U-Tópicas opened in 2018 in Coyoacán Mexico, and remains the city’s only feminist bookstore. More than a shop, the space doubles as an art gallery and hosts exhibitions,  workshops, book presentations, and readings, among other events. According to a recent article, U-tópicas sells over 20,000 titles yearly, which is double the number of books usually on display, as well as illustrations, posters, crafts, and textiles. They will soon be starting their own imprint, focusing on translation and republishing forgotten authors, initially with five titles a year released simultaneously in Mexico and Spain.

Left: U-Tópicas’ backyard. (Source: Right: Book recommendations on maternal bonds, maternities, and non-maternities. (Source: Instagram)


News from Nowhere in Liverpool, United Kingdom

News from Nowhere is a longstanding radical and community not-for-profit bookshop committed to social justice. Founded in 1974 in Liverpool, England, the shop is run by a women’s collective that shares tasks, responsibilities, and decision-making among the workers. No one makes money from the bookshop; all profits remain within the business, paying for running costs, maintaining the building, and building up the stock.

Left: News From Nowhere shop front. (Source: Twitter) Right: The bookstore’s Pride Month book recommendations. (Source: Instagram)

Paranoia City in Zürich, Switzerland

Paranoia City opened in 1975 as an anarchist bookshop in a soon-to-be-demolished location in the old town of Zürich, Switzerland. Originally, it offered a tiny assortment of anarchist literature with books on the nuclear power movement, feminism, indigenous people’s culture, and U-Comix. It quickly became a meeting place for the city’s left-wing youth movement. In 2020, when the former owner had to give up the store for personal reasons, Melina Korros, Margot Ortiz and Auline Sanchez—three young women just starting out in the book trade—took it over. Today, Paranoia is a cooperative offering a broad range of feminist books including children’s literature, fiction, poetry, and non-fiction.

Left: Paranoia City team. Right: My Body, My Choice book recommendations (Sources: Instagram)

Women’s Bookshop in Auckland/Tāmaki Makaurau, New Zealand

In 1989, a young teacher named Carole Beu was persuaded to open a feminist bookshop. Even though Carole felt like she knew nothing about business, her friend Pat Rosier, the editor of New Zealand’s feminist magazine Broadsheet, recognized she had the necessary skills: a drama and acting background combined with bringing up two children (one of whom is disabled), and organizing 35 teenagers for every hour throughout the day. For 34 years, the Women’s Bookshop has remained a local purveyor of fine words in Ponsonby, Auckland/Tāmaki Makaurau. They have a large LGBTQIA+ section, and in recent years they have become one of the country’s leading specialists in therapy and counseling books.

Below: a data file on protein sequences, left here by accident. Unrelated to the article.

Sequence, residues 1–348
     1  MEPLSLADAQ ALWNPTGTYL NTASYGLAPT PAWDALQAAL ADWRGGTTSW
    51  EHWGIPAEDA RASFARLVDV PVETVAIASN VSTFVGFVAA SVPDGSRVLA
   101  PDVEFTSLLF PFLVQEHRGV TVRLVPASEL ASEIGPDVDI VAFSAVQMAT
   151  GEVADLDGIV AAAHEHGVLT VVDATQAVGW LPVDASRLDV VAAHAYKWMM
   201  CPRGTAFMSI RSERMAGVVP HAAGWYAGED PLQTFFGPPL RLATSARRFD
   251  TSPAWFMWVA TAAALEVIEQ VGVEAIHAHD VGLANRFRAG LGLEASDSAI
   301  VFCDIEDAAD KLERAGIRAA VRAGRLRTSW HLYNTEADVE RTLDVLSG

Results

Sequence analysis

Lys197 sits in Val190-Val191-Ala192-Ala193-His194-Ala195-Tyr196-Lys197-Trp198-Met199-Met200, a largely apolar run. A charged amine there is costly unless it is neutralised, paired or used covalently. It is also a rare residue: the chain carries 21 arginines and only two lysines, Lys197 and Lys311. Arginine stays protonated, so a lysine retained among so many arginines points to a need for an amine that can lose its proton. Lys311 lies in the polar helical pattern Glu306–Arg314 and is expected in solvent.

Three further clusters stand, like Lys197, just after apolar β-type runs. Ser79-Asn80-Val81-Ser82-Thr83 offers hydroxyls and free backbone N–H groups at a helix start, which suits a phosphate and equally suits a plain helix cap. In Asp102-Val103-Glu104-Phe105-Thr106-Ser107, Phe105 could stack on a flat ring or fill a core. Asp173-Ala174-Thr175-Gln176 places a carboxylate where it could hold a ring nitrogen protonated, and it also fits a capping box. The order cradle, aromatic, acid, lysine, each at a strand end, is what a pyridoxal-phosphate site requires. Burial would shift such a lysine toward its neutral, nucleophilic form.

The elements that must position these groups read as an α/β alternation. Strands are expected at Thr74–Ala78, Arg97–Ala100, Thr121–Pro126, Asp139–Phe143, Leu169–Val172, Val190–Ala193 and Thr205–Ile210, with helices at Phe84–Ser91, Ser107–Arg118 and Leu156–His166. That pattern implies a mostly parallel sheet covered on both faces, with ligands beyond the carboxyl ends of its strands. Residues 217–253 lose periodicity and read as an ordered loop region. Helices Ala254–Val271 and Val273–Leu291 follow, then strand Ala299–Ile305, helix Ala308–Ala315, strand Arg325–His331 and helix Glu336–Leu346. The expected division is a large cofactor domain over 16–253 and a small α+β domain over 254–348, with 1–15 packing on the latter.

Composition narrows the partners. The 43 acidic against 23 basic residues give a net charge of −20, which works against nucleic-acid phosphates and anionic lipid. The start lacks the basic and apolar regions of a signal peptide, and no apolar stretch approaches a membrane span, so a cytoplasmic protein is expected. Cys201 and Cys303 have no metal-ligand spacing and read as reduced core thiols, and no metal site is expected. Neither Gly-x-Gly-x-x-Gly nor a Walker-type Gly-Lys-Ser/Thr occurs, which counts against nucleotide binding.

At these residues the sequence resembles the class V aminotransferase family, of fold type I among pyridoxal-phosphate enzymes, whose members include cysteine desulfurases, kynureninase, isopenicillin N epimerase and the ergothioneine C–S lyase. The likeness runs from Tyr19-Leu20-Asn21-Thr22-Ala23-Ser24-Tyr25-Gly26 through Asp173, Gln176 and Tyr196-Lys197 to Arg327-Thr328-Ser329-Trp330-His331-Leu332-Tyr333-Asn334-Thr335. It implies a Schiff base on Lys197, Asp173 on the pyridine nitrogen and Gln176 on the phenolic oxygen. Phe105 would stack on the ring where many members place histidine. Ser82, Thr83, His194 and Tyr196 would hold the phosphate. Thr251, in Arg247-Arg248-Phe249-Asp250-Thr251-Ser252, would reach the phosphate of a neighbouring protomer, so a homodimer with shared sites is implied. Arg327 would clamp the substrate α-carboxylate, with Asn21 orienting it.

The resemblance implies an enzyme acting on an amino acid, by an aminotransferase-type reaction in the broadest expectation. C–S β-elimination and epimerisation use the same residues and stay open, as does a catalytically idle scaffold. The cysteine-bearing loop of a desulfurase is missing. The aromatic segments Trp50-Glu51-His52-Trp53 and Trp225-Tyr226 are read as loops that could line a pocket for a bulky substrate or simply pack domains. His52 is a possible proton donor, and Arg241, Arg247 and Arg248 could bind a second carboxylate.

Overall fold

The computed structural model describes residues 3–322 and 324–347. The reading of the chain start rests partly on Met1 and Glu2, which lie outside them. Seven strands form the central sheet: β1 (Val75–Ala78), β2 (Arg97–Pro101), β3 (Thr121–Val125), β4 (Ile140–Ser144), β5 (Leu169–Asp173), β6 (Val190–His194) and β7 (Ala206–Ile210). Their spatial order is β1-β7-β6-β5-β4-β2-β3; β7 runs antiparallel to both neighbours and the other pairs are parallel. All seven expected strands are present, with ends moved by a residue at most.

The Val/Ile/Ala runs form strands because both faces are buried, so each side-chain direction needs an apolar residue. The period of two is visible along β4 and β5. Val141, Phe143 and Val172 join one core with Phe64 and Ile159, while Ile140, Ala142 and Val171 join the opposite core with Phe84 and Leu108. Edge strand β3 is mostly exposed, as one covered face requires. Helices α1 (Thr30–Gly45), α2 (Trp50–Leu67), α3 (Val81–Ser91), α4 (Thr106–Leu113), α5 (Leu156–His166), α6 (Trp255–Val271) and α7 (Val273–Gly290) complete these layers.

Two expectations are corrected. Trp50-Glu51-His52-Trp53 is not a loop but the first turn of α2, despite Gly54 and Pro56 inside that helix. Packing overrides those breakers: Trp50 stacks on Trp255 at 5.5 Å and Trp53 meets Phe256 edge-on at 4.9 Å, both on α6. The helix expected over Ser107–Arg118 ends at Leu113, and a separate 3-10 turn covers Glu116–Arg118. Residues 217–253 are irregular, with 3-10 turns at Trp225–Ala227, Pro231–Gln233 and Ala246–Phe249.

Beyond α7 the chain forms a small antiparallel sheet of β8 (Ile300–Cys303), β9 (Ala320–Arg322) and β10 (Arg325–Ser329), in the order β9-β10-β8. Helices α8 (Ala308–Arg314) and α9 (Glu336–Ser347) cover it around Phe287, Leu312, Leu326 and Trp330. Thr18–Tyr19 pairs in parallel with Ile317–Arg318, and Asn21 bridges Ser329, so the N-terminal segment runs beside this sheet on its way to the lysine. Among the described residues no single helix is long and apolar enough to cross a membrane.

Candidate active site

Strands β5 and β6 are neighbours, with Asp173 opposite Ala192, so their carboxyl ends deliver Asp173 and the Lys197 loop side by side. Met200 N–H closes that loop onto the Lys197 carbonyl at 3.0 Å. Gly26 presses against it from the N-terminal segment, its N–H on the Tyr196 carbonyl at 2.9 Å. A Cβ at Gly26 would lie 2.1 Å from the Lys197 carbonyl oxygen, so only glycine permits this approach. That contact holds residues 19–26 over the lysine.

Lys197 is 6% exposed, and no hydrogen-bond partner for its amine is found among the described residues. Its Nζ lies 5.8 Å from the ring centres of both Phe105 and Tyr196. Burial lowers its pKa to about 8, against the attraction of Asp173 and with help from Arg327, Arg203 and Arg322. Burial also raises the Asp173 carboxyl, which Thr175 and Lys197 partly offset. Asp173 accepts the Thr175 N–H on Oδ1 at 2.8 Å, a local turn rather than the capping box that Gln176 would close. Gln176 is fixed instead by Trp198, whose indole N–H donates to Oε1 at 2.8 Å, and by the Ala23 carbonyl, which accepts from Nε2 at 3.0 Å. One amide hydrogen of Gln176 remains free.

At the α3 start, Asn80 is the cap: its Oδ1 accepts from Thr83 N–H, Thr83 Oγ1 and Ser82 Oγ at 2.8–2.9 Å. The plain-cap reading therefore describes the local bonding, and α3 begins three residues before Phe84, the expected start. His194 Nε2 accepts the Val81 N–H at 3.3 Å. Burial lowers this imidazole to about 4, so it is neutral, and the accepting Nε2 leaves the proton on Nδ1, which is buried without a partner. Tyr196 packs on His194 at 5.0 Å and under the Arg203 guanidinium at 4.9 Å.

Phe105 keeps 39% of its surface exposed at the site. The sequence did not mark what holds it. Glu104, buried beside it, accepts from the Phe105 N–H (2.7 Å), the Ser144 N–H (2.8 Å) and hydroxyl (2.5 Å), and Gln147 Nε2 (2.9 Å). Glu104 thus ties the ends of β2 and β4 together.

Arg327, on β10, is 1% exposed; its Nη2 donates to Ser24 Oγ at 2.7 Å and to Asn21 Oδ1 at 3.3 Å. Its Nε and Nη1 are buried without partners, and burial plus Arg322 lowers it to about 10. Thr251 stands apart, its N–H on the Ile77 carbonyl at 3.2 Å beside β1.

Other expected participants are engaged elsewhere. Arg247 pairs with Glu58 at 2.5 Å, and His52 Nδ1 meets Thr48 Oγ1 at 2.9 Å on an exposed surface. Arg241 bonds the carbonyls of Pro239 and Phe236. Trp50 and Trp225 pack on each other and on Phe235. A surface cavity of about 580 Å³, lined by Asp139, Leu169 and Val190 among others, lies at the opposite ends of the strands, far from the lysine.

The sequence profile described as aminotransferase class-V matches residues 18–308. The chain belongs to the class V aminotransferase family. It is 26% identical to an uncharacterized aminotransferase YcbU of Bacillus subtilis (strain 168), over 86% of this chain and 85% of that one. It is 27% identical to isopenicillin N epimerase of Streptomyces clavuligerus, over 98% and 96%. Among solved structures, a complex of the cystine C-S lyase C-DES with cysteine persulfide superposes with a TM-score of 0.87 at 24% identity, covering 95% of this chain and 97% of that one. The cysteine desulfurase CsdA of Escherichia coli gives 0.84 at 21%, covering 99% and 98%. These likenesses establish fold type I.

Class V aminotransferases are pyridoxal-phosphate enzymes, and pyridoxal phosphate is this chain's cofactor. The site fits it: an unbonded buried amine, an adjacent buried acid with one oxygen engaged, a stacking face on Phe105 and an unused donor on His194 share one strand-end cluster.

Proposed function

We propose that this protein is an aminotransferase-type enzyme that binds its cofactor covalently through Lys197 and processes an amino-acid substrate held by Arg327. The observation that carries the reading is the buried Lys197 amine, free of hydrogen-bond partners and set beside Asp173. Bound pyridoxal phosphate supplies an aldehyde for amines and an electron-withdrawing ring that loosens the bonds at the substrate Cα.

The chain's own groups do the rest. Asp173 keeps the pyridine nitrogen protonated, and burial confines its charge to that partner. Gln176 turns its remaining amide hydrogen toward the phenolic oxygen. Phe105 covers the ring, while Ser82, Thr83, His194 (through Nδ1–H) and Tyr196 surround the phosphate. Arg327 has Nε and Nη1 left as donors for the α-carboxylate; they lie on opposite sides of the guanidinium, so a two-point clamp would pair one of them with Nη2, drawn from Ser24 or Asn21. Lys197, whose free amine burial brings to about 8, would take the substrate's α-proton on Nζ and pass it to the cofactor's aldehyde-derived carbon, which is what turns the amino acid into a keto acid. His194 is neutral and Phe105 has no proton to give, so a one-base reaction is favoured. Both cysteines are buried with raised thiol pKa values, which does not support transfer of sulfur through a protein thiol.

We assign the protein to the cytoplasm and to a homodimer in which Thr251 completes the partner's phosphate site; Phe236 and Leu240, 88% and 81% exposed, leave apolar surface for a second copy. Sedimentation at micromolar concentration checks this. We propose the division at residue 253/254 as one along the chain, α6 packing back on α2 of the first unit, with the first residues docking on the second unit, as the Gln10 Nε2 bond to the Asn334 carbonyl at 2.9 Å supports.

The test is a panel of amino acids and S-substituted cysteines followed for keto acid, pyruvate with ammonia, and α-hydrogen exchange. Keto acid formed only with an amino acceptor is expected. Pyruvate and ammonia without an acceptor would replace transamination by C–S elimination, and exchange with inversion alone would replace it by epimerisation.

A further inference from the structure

Left: Store front. (Source: The bookstore’s website) Right: The bookstore’s top10 non-fiction bestsellers of 2022. (Source: Instagram)

La Libreria de Mujeres in Buenos Aires, Argentina

On March 8, 1995, Piera Oria and Carola Caride opened La Librería de Mujeres, which is still one of the biggest feminist bookstores in Latin America today. Located in the Buenoarense neighborhood of San Nicolás, Argentina, it carries more than 30,000 titles in Spanish. In 2009, La Librería de Mujeres Editoras came to life. To date, this publishing house has brought to light unique children's books focusing on anti-discriminatory education and sexuality, and a series on “Feminism and Society.”

Left:  Store front. (Source: Right: Children book recommendations (Source: Instagram)

Bluestockings in New York, United States

Founded in 1999 and located in the Lower East Side of New York City, U.S.A., the Bluestockings is a cooperative-led activist center and a feminist bookstore following intersectionality as a political lens. It is “New York’s only queer, trans AND sex worker-run bookstore,” as they claim on their website. For Maya Ober, co-director of Futuress, “it is a space of resistance in the center of the Big Apple, truly living up to its politics in the everyday.”

Store front (Source: Facebook)

Llibreria Pròleg in Barcelona, Spain

Not all is good news: after 32 years, Llibreria Pròleg closed its doors earlier this year. Located at the heart of the gothic neighborhood, Pròleg was a Barcelona institution for women’s literature, functioning also as a meeting space for workshops, gatherings, talks, and seminars.

Left: Store front. Right: Book recommendations for Lesbian Visibilty Day. (Sources: Instagram)


In Switzerland: QueerBooks in Bern, SP!T in Basel, and Paranoiacity in Zürich.

In Germany: Hopscotch Reading Room in Berlin centers marginalized voices beyond a western-centric lens, in Leipzig Buchhandlung Drift, Rotor Books and Monaliesa library and archive are great recommendations too.

In Austria: Chicklit in Vienna.

In Italy:  SpazioB**K in Milan.

In Spain: La Libreria de Mujeres and Mujeres & Compañía, La Librería in Madrid.

In Colombia: El Telas de las Palabras in Bogota.

In Chile: Libreria Lila in Santiago de Chile.